Journey Reaches 'Amicable Settlement' In Lawsuit Over Band Name

Journey has reached an "amicable settlement" with two former band members fired last winter amid accusations of a corporate coup d'état to take over rights to the band name.

In March of 2020, Journey founder Neal Schon and longtime keyboardist Jonathan Cain fired longtime bassist Ross Valory and drummer Steve Smith from the band after the rhythm section allegedly launched an attempt to wrest control of the band's trademarks.

Lawyers for Schon and Cain said at the time that Valory and Smith were angling to fund their retirements with the action.

The four Rock and Roll Hall of Famers exchanged a flurry of lawsuits and countersuits last year, and now 13 months later the foursome has reached an agreement, Rolling Stone reports. The terms have not been disclosed.

“The members of the band Journey who were parties to a recent lawsuit (Neal Schon, Jonathan Cain, Steve Smith, and Ross Valory) are pleased to announce that they have resolved their differences and reached an amicable settlement agreement,” the band told Rolling Stone in a statement. “Neal Schon and Jonathan Cain acknowledge the valuable contributions that both Ross Valory and Steve Smith have made to the music and the legacy of Journey. Ross Valory and Steve Smith wish their former bandmates well and much success in the future. Journey looks forward to continuing to tour and make new music for their dedicated fans around the world.”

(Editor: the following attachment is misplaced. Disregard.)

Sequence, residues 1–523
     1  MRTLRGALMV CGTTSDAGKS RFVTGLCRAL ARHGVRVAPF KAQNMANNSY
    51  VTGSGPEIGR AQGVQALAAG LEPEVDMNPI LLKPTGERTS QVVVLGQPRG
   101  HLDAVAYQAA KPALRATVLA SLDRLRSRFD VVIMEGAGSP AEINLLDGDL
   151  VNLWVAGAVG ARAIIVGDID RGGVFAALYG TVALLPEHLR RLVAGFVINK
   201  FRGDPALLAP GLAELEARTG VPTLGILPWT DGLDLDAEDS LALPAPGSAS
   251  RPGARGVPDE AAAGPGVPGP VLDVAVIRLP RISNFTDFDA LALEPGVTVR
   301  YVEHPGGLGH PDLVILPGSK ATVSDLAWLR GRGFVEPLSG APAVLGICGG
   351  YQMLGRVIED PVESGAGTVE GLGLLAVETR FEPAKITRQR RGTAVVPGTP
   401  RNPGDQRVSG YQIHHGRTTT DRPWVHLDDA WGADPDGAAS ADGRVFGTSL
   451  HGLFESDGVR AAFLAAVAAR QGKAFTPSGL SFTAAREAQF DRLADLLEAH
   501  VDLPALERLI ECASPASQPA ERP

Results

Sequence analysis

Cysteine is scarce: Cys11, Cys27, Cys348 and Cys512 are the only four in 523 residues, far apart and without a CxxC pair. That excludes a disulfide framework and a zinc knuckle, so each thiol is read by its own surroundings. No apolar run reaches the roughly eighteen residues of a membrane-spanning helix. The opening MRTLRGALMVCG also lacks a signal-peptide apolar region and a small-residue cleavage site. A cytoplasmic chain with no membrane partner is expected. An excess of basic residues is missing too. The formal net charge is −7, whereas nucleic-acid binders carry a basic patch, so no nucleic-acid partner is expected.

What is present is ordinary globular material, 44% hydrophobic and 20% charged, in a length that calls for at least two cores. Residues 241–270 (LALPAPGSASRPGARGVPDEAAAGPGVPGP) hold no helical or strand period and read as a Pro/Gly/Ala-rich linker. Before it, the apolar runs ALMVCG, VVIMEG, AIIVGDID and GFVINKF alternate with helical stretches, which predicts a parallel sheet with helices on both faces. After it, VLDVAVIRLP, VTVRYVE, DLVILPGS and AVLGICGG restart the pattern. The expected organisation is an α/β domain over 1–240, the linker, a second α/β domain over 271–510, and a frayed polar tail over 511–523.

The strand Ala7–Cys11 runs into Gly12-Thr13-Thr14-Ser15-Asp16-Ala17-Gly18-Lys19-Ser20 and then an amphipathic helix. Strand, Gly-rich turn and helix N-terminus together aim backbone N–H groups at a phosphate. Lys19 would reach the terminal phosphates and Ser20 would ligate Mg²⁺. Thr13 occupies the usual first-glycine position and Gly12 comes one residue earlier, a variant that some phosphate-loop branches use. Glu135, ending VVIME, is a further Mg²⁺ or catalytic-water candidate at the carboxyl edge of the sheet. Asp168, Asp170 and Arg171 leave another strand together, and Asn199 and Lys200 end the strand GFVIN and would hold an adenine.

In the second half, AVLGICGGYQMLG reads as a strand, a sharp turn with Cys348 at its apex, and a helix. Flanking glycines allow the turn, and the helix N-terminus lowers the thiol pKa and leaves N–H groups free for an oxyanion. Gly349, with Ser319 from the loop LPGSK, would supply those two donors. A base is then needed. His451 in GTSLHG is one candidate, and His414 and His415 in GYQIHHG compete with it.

After Valory and Smith were ousted last year, Journey announced a new lineup featuring keyboardist Jason Derlatka, Grammy-winning drummer Narada Michael Walden and the return of one-time bassist/producer Randy Jackson, who was previously in the band from 1985-'87 following Valory's first departure.

With the new lineup in place behind frontman Arnel Pineda, Journey began work on what will be the band's 15th studio album, expected to arrive later this year.

Journey has had plenty of personnel issues boil over publicly in recent years, but those have primarily been between Schon and Cain. Both men said they patched up their most critical differences by the end of the last Journey tour.

While classic-era singer Steve Perry was not involved in the litigation, he initially supported Smith and Valory's attempt to expand the board membership of Journey's Nightmare Productions company to include the both of them, Journey's former manager Herbie Herbert and himself.

Asked about the lawsuit last fall by Rolling Stone, Perry said he was unsurprised at the drama between his former bandmates. "There was never any 'Kumbaya' with [Journey]," he said.

Photo: Getty Images

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